September 22, 2017, 2:40 pm

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  • Scientific Techniques
  • Scientific Techniques
1. A primed video-assisted grab is lowered into the Mingulay Reef Complex © G. Newman (2005) 2. Newly acquired samples of living Lophelia pertusa are placed in an aquarium © G. Newman (2005)

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Scientific techniques - Sampling

Gathering a sample from the deep seafloor is a difficult and arduous task. Regular sampling is often impossible due to the high costs associated with research expeditions to deep-sea environments. Large ships with a specialised crew are needed to deploy the sampling equipment and retrieve the sample.

In the early days, researchers relied on small trawls and dredges to scoop samples from the seafloor. But dredges and trawls have to be towed on long wires to reach the seafloor and may not always give a true picture of what lives there. Imagine trying to build a picture of the inhabitants of London by flying across in a balloon and using a bucket lowered on a rope to catch the people beneath. Purely by chance you might catch a policeman and a traffic warden – and assume that the population of London was just policeman and traffic wardens!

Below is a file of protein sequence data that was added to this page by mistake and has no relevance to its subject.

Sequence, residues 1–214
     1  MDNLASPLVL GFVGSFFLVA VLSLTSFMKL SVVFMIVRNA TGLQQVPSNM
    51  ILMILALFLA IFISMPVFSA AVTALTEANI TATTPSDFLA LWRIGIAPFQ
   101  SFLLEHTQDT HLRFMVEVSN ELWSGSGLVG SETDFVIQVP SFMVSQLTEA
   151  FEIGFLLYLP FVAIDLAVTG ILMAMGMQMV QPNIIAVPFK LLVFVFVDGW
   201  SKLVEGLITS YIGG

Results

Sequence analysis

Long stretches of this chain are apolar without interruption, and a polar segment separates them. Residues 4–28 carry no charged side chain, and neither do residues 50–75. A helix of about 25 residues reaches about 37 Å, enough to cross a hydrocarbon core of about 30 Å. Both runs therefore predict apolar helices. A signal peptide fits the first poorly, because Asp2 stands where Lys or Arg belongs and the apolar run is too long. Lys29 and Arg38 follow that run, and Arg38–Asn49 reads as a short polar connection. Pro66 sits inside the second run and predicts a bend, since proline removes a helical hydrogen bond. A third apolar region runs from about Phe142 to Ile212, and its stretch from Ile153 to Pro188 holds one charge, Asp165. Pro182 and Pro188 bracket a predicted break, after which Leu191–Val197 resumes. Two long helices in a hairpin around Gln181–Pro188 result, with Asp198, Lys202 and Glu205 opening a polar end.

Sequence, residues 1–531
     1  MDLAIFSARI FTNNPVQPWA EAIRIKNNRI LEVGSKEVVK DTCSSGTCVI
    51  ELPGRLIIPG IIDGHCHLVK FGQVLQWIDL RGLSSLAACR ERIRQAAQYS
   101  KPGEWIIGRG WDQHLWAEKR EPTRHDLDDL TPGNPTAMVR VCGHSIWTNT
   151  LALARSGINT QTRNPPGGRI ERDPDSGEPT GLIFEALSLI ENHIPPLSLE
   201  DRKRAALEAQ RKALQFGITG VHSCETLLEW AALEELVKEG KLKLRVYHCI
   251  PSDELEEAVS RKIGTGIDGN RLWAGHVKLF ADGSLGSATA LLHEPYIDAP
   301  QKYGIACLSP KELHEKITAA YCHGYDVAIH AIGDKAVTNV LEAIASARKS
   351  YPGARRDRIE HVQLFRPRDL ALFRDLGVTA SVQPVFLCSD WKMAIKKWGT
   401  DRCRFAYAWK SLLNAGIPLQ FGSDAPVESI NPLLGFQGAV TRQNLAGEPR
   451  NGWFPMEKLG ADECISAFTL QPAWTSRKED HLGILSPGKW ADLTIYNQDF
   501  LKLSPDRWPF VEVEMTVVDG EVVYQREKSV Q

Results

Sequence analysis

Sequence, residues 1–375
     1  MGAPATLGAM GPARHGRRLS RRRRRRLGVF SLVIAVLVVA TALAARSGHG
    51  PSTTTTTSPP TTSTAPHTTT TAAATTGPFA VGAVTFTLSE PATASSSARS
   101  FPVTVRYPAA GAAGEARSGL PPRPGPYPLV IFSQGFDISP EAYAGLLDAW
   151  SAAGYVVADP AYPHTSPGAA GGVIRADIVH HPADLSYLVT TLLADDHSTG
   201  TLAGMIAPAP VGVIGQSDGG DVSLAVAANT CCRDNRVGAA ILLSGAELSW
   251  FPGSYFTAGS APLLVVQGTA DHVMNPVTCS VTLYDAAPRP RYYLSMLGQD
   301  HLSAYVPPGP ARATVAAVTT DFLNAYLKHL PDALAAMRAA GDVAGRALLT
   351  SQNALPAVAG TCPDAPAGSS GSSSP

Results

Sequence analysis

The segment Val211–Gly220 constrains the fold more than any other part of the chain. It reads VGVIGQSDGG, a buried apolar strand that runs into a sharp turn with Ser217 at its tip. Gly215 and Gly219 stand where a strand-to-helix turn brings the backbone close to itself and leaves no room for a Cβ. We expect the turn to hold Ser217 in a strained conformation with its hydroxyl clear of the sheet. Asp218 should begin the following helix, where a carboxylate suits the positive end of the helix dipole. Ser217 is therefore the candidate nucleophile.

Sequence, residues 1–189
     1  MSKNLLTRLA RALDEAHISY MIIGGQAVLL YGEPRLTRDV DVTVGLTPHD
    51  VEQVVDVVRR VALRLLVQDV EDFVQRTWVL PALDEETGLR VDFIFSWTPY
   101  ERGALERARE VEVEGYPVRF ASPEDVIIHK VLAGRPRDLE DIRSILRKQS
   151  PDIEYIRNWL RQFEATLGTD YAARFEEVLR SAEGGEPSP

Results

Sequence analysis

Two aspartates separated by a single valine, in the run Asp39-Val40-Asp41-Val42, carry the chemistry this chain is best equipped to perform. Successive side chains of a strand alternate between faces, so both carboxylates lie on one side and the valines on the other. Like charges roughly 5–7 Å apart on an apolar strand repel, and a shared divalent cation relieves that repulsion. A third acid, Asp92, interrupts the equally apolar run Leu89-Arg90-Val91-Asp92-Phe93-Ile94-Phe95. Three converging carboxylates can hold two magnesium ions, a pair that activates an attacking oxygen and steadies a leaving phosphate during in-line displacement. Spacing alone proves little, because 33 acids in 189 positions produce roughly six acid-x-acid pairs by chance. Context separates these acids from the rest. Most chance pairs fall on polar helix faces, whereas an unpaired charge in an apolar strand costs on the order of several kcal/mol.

Without samples we cannot understand life in the deep ocean but gathering truly representative samples is a difficult task.